Group brings suicide awareness to campus
Published: Thursday, September 27, 2012
Updated: Thursday, September 27, 2012 17:09
According to national statistics, one out of every 10 college students has considered suicide.
That might not sound like a lot, but apply that statistic to a larger group, like 7,800, the approximate enrollment at UTM, and that becomes 780 people who are on the fence about their lives, and in many cases, they are not talking about it with anyone.
In order to help this cause, the National Suicide Awareness Week took place last week, encouraging people to talk about their experiences and get the word out about suicide and depression. At UTM, QPR, a suicide awareness program on campus, hosted two training sessions on suicide on Sept. 11 and Sept. 12, helping students understand how to recognize symptoms of depression and suicidal thoughts.
Student Health Clinical Coordinator and QPR Gatekeeper Instructor Jenifer Hart helped lead the sessions and thought it went well, despite the low attendance numbers.
“Unfortunately, we only had about 28 participants. Last year we had 150. We don’t know why, but we would like to see it gain some popularity. A lot of people think that talking about suicide is such a taboo kind of thing, and we want it more where people are more acceptable of the subject matter because it’s very important. … [However,] overall, we think it went well,” Hart said.
QPR stands for “Question, Persuade, Refer.” With QPR, students and faculty can receive a one-hour session to learn the basics of detecting signs of suicidal thoughts in students, enabling them to be able to question and persuade depressed students in a direction of hope, then referring them to a counselor or medical professional. This program has been in place on campus since April 2010, when the UTM Students of Concern Team came together and decided that creating suicide awareness was an important issue.
“We were like, ‘Suicide prevention, this is what we need on campus; we need this awareness training.’ So we felt like the people to get that started was the Students of Concern Team. … Suicide is one of those things, like it’s kind of a pink elephant in the room; everybody knows it’s around, but nobody wants to talk about it. So if we can get the communication going, we can possibly prevent some bad things from happening,” Hart said.
According to Hart, since their beginning only two years ago, QPR has trained over 1,300 people, both students and staff. Training sessions occur sporadically throughout the school year, with many of them happening in small groups upon request. There are 11 faculty and staff that are trained as QPR Gatekeeper Instructors, all in different departments across campus. One Gatekeeper Instructor, Biological Sciences Professor Darrell Ray, just joined the group within the past year.
“Once I got to know what the whole purpose of the group was, I was very impressed with it, because I think it’s important that we do help people, and we are in a unique position to see people at their best and worst. … We’re more than willing to meet with anybody [and] set up a time and go through the program. It’s a fairly brief presentation but it’s something that, you spend an hour now, and you might be able to help somebody get out of this dark place,” Ray said.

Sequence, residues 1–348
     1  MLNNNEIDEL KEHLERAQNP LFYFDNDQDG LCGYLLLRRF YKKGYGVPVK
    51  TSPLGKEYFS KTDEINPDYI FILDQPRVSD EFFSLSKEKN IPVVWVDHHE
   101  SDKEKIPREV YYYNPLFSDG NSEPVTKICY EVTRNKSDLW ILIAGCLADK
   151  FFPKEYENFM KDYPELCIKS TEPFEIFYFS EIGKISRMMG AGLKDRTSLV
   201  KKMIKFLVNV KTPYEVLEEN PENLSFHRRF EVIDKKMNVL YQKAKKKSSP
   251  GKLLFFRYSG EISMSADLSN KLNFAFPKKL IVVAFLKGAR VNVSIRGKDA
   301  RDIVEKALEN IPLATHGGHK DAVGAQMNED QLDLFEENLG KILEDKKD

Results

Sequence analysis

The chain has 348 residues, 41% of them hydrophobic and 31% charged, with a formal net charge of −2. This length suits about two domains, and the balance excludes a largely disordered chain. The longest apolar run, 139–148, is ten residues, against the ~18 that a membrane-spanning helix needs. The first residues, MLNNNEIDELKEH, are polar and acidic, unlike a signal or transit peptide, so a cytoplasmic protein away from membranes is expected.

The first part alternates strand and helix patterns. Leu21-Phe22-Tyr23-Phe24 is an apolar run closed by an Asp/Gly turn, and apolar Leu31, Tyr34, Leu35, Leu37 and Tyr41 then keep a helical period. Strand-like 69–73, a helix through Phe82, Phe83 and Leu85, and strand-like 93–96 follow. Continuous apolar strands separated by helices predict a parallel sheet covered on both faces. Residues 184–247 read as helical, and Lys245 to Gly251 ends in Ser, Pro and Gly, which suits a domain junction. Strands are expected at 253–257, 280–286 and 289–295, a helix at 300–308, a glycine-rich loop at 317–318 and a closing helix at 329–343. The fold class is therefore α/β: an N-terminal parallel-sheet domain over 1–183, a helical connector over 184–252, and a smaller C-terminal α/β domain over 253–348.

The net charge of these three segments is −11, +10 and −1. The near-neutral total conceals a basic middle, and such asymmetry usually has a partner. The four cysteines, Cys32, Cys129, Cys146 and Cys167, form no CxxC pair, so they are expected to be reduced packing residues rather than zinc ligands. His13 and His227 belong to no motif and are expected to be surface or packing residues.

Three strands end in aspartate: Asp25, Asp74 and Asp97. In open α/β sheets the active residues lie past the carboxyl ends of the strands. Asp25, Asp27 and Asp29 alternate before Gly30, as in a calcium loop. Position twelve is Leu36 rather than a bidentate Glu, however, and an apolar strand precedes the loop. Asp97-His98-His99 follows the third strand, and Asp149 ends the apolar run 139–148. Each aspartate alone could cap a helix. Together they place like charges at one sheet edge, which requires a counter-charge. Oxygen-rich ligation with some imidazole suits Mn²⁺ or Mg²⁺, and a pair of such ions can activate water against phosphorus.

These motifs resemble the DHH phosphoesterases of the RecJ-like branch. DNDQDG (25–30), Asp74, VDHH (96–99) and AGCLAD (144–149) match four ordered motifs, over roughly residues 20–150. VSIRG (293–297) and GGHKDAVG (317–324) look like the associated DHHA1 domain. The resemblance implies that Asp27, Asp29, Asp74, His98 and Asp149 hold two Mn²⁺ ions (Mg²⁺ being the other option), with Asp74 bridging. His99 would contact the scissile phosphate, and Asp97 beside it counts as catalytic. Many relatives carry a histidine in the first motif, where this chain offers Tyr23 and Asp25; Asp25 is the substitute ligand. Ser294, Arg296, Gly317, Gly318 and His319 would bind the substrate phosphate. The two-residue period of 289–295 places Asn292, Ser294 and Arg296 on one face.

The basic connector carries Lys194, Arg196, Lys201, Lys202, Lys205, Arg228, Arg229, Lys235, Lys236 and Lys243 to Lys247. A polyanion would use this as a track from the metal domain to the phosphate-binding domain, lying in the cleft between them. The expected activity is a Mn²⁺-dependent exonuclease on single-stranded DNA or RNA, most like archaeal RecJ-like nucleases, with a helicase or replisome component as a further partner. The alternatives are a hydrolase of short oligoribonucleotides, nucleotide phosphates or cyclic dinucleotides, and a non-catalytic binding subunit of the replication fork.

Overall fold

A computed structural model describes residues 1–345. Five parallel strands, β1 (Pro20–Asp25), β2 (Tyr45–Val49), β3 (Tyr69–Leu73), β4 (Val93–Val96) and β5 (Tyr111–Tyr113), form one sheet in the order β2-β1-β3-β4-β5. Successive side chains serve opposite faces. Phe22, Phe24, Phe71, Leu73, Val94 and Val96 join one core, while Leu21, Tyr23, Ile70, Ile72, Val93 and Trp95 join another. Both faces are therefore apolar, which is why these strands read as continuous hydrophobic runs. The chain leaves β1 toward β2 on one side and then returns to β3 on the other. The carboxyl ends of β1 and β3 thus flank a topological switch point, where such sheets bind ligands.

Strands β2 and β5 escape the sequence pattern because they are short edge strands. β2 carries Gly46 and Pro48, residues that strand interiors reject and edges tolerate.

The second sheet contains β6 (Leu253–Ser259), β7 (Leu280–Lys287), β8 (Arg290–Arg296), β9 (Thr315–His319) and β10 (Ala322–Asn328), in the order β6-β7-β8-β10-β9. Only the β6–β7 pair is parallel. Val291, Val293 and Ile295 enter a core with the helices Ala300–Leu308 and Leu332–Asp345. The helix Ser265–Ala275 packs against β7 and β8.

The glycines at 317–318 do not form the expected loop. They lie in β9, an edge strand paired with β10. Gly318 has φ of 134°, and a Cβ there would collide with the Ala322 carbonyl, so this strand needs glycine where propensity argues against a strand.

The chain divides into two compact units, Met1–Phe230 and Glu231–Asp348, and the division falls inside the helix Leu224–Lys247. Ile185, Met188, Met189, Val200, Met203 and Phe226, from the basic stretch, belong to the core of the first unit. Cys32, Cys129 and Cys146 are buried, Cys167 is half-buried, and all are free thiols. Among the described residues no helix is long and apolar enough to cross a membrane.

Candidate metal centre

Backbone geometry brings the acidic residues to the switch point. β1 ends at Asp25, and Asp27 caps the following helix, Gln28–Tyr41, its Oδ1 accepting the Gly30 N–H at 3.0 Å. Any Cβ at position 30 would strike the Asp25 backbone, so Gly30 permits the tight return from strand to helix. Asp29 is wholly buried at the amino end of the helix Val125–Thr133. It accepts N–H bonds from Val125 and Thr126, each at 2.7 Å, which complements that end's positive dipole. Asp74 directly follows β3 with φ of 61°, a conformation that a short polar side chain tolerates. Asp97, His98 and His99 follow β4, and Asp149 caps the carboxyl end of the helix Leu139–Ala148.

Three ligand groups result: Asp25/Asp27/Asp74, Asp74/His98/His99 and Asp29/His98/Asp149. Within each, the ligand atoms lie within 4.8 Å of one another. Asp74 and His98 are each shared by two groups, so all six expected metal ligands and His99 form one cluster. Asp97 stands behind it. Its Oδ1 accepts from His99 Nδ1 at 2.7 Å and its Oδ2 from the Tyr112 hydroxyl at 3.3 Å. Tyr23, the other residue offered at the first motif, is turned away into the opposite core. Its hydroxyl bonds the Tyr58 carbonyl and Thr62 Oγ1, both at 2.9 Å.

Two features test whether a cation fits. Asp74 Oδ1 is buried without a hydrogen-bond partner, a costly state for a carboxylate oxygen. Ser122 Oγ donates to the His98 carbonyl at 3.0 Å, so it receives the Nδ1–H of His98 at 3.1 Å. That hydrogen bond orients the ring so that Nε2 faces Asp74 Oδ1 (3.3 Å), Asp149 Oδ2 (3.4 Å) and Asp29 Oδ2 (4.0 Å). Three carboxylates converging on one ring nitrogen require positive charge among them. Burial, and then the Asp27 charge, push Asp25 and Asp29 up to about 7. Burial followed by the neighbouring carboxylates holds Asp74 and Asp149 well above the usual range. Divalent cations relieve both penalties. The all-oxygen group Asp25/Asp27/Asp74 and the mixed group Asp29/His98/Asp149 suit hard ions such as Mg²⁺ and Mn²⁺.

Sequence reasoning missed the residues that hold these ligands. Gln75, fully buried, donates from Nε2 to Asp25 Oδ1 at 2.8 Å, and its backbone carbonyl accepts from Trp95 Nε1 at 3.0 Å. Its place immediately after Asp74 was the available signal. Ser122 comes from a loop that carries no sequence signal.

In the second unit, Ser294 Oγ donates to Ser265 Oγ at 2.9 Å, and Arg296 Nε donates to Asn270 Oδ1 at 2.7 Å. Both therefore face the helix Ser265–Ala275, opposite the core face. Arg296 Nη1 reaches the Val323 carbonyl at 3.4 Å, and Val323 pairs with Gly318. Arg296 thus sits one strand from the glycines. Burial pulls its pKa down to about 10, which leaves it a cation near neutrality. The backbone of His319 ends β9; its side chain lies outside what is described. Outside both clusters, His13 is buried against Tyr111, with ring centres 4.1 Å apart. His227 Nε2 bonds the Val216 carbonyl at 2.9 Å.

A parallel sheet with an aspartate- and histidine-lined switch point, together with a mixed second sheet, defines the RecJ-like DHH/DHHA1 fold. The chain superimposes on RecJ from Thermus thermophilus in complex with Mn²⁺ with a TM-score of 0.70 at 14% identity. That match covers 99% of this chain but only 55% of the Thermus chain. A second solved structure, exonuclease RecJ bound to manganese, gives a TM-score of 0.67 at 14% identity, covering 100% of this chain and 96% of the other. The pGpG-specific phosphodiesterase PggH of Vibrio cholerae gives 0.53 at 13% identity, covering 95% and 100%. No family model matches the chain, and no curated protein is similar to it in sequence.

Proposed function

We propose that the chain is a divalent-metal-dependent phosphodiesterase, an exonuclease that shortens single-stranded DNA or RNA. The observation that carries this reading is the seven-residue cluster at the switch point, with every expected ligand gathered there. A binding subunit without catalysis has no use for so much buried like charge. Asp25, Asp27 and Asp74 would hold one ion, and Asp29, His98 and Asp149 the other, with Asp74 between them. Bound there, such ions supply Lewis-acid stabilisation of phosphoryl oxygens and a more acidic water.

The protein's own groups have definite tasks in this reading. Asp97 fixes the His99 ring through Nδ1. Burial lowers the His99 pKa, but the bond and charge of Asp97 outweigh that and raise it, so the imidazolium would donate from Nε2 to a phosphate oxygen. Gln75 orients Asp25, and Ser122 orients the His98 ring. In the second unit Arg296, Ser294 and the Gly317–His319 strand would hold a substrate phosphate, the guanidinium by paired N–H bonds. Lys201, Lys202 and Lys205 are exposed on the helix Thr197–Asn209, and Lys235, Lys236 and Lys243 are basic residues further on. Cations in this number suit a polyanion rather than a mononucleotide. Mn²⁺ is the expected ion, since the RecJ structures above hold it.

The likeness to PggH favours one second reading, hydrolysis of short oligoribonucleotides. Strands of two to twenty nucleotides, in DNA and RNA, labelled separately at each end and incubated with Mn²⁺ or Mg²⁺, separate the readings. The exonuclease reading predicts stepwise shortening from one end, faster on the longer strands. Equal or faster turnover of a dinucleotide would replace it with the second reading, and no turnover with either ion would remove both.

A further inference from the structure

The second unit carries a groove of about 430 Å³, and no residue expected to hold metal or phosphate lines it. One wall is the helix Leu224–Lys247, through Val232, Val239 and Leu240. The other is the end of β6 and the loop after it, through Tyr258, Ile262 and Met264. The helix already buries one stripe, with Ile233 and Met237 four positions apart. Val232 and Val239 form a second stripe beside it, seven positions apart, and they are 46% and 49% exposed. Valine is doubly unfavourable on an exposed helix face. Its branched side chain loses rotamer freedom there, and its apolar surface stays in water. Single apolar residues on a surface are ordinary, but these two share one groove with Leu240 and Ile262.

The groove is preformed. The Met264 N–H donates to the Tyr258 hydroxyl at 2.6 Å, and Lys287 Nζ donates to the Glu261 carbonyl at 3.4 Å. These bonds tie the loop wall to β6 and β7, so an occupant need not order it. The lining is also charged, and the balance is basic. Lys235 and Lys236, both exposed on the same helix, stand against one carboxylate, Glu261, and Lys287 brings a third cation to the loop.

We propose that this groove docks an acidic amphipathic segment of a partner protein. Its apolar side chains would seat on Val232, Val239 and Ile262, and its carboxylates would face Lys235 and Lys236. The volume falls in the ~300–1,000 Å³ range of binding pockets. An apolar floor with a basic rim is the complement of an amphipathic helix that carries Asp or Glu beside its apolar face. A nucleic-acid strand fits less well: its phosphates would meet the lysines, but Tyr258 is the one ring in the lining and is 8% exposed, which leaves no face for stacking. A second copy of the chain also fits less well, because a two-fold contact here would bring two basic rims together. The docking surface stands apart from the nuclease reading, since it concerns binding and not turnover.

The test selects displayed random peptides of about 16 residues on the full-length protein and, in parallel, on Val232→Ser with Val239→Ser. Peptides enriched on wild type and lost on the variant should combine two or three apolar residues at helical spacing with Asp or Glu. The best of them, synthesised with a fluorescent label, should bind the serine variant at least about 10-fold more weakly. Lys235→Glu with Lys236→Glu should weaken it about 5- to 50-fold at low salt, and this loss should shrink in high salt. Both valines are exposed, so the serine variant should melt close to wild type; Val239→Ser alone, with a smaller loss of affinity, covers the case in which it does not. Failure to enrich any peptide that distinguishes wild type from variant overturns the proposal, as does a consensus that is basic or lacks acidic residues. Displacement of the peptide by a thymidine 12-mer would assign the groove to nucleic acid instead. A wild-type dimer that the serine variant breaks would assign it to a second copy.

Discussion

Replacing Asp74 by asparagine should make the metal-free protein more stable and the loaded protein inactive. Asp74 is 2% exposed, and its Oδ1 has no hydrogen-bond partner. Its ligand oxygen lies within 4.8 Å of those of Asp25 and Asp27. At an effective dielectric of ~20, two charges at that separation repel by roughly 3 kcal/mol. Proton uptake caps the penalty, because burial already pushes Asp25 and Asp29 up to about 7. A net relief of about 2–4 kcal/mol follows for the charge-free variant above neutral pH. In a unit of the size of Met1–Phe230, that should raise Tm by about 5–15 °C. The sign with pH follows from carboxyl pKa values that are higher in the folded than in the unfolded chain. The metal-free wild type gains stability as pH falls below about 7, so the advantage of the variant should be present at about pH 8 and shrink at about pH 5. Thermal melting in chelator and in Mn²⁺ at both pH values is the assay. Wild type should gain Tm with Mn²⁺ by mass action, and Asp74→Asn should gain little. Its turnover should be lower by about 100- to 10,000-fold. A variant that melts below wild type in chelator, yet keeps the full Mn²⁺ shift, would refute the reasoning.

Certainly suicide training sessions and organizations like QPR help, but there are also things that UTM students and faculty can do to fight the epidemic in their daily lives.
“If you understand something about the symptoms of depression, and you see someone who is sleeping too much, is sleeping too little, seems withdrawn, changes their attitudes, is more interested in religion or less interested in religion, or if you see people maybe giving away prized possessions, people who make comments like, ‘Well, you won’t have me to worry about much longer,’ or ‘I won’t be around to do that,’ if the person is in that bad place, then that should really put up a red flag,” Ray said.
“The students are the eyes and ears on campus. … As fellow students, just being nice to people, being courteous, being respectful, offering a smile or a hello, can make anybody feel a little bit better and brighten their day,” Hart said.
According to Ray, communication and awareness are key elements to helping with depression and suicide.
“So often, people don’t talk about suicide. And if we know of someone who’s committed suicide, we often just kind of whisper about it because it’s one of those not socially acceptable topics. But it’s an illness. It is a manifestation of an illness. And if we talk about cancer, if we talk about tuberculosis, if we talk about these other kinds of things, then this ought to be something we can talk about and that we can help people with,” Ray said.
Part of that communication is letting people know that depression can be helped and that suicide does not have to be the answer. According to Hart, 90 percent of people thinking about suicide have a diagnosable case of depression, meaning they can get help.
There are several ways for students to get help. If it is in the middle of the week during the day, Student Health offers free counseling Monday through Friday. Outside of those hours, if someone has a crisis, they can visit a local emergency room, call 911, call campus security at 777, call the local Pathways crisis number at 1-800-372-0693 or call the national crisis number at 1-800-273-TALK.